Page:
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The right time to drop naps

Dropping naps can be a nice time for parents, once you’re through the transition that is. Rather than your child taking multiple, short, naps through the day - children start to take fewer, sometimes longer naps. 

That means you get the gift of extended time alone…it’s been a while right?

With extended breaks throughout the day, you can nap yourself, call a friend or do some work - whatever you like. How’s that for motivation to persevere with nap transitions?

The honest answer is, children drop naps in their own time, and there isn’t a lot you can do about it! But it helps to understand their needs and the science behind sleep. 

As you will see in this blog, the sleep cycle for children is shifting as they develop their adult sleep cycle and their natural body clock. 

How much sleep do children need?

Before you think about dropping naps or transitioning your child to fewer naps, it’s important to understand their sleep needs. The NHS provides guidelines on how much sleep children need, summarised below. 

You can see roughly where children start dropping naps, in line with reduced daytime sleeps. However, always remember that children develop in their own time, so if you think your child is developing a little earlier, or a little later than expected – it’s fine.

As long as baby is getting quality, restorative sleep, and showing healthy signs of development you don’t need to over-focus on the guidelines and try to force or pressure naps.

● 1 week: newborn babies will do a lot of sleeping - 8 hours throughout the day and 8.5 hours at night.

● 4 weeks: 6 - 7 hours throughout the day and 8-9 hours at night.

● 3 - 6 months: Babies will sleep between 4-5 hours in the day and around 10-11 hours at night. 

Within this age bracket, you are likely to experience your first sleep ‘regression’. As I’ve explained in other blogs, it’s not really a regression at all, but at around 4 months your babies circadian rhythm kicks in. This means that biologically, your baby is developing their sleep cycle. In summary, they might wake more frequently and struggle to sleep in light rooms. It can be a tough time, as parents can feel like things are going wrong. But they’re not - it’s a phase, I promise. Read more about the 4-month sleep regression.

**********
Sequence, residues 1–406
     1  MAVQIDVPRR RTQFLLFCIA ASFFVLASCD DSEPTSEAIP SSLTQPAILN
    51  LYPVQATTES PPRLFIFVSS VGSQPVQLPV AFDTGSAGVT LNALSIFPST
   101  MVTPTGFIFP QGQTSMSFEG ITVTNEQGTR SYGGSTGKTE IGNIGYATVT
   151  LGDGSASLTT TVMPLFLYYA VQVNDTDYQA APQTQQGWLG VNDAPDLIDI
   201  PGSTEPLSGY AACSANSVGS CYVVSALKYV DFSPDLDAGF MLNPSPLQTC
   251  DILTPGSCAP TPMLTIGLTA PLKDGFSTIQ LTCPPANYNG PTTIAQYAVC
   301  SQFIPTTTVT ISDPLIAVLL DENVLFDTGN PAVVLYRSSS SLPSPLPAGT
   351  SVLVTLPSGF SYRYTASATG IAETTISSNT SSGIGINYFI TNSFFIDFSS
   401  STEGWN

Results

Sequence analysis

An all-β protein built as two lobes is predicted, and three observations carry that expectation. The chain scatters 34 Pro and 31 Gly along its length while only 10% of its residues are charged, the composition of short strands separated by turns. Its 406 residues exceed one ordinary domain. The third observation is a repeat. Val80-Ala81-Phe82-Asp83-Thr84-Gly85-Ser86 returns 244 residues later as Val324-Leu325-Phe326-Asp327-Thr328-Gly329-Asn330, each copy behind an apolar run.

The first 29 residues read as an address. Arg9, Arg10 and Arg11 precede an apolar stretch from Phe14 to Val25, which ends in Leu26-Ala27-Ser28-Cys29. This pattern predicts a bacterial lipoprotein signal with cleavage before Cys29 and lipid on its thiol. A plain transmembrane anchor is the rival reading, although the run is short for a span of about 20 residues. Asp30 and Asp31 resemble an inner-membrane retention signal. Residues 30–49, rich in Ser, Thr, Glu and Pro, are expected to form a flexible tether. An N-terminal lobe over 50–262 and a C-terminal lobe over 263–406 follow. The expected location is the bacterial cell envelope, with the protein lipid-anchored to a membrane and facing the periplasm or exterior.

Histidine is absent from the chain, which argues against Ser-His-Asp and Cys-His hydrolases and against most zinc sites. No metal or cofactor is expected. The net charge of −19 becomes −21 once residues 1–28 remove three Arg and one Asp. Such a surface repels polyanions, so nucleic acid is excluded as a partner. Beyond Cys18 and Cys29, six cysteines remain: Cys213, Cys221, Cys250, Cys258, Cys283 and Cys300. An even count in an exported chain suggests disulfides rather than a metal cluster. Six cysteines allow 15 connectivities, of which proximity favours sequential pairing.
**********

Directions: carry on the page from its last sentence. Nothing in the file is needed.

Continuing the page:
● 6 months - 1 year: at this age, you can expect children to sleep between 2 - 3 hours in the day and around 11 hours at night.

● 2 years: daytime naps will collectively last around 1.5 hours and night sleeps will be about 11.5 hours.

● 3 years: day time naps of about 45 minutes and night time sleep will be around 11 - 12 hours. 

How do I know when it’s time?

As a baby’s sleep pattern starts to change, it’s important that before you start transitioning sleep schedules to drop naps, that you take an overview of the situation. 

Is there any other reason why the sleep schedule might have changed. For example, could they be hungry, are the room conditions okay, are they feeling well, are they teething or could this be a sleep regression?